Robbers and trespassers

An hour or so by train from Clapham Junction delivered me to the edge of the South Downs National Park, and the town of Arundel.

There’s a Tarrant Street in Arundel, and it has a tale to tell.

The name itself derives from the Celtic Trisantona, a variant of the Latin Trent, from the word for trespasser, ie a river likely to flood. In Norman times, Tarrant Street was probably a subsidiary street, running along the edge of the higher ground to give access to the frontage of the River Arun.

In 1983, excavations revealed that beneath mediaeval housing was evidence of a very large and luxurious 1st century Roman villa, built between the west end of the street and the river. The majority of the walls were found to be reduced to robber trenches. That is to say, the valuable material for a new mediaeval or Roman building which the foundations offered had been dug out and carried away. (The stain left by the disturbance of the stratigraphy, resulting in a change in soil colour, is the robber trench.)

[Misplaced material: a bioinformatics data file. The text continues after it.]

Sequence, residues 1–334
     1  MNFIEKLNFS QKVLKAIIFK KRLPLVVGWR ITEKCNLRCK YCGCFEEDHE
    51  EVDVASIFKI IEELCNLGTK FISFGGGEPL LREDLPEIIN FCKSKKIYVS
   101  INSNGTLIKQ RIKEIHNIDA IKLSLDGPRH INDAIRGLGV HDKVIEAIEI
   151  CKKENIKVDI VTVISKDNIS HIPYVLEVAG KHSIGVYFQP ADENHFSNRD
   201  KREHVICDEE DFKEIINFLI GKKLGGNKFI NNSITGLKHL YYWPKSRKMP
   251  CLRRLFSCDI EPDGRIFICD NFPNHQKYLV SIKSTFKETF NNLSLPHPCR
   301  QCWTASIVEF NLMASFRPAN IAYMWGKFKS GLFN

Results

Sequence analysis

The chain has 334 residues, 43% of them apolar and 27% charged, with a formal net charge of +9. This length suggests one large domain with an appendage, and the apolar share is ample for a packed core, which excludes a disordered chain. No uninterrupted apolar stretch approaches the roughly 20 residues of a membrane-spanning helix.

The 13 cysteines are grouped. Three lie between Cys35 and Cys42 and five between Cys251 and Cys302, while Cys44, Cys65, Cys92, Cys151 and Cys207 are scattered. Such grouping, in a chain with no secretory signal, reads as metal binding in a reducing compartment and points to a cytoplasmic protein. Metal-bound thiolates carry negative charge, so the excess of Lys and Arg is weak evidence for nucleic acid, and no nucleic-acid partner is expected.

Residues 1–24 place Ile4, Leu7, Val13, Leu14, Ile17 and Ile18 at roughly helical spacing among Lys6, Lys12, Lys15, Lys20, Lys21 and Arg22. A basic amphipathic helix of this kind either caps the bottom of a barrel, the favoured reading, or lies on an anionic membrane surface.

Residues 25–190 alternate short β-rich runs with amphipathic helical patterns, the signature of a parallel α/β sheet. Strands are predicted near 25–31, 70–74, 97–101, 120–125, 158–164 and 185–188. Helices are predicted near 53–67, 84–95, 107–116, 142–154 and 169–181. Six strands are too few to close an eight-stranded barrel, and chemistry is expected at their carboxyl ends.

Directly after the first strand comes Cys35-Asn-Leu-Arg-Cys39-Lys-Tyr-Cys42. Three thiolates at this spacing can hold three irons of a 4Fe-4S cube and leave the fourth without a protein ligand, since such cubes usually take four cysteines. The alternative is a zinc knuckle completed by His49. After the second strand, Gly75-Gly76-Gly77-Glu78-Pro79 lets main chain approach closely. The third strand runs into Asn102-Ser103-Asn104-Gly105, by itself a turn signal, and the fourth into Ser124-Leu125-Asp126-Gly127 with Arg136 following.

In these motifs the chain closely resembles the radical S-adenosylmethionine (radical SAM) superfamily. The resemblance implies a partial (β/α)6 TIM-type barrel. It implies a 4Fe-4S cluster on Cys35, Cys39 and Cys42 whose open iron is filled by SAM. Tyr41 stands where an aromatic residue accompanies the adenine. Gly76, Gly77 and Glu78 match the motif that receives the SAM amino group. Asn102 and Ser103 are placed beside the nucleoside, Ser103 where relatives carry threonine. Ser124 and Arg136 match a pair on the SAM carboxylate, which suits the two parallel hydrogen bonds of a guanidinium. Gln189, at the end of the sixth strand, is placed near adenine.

Around 1420, many believe, John Fitzalan, 13th Earl of Arundel, built a mansion known as Nineveh House in Tarrant Street. Apparently , he feared losing his ownership of Arundel Castle to his relative Thomas Mowbray in an inheritance challenge, though this did not come to pass. One wonders about the name he gave his residence. In the Bible, this historic capital of the Neo-Assyrian Empire was the popular target of prophetic denunciations, and stood in turn for pride and for repentance (“we can do this the hard way or the easy way”).

About 1833, the mansion was finally demolished to make way for a Congregational Chapel. In 1850, George MacDonald, the Scottish poet and children’s writer, became pastor there. Within two or three years, however, he was ousted by some twenty members of his congregation, who took exception to the tone of his preaching; for example, that Hell might be a metaphorical “refining fire” that was only meant to last as long as was needed to bring about repentance in the sufferer.

The last book for children that MacDonald wrote, “The Princess and Curdie”, ends with the foundations of the kingdom being undermined by the greedy populace, eager for gold and jewels from the mines. His story “The Golden Key”, features a boy whose great aunt tells him of a golden key which may be found at the end of the rainbow. The boy speculates that it may be worth a lot of money. Replies his aunt: “Better never find it than sell it.”.

The church building is known as Nineveh House these days and is devoted to the trade of antiques.

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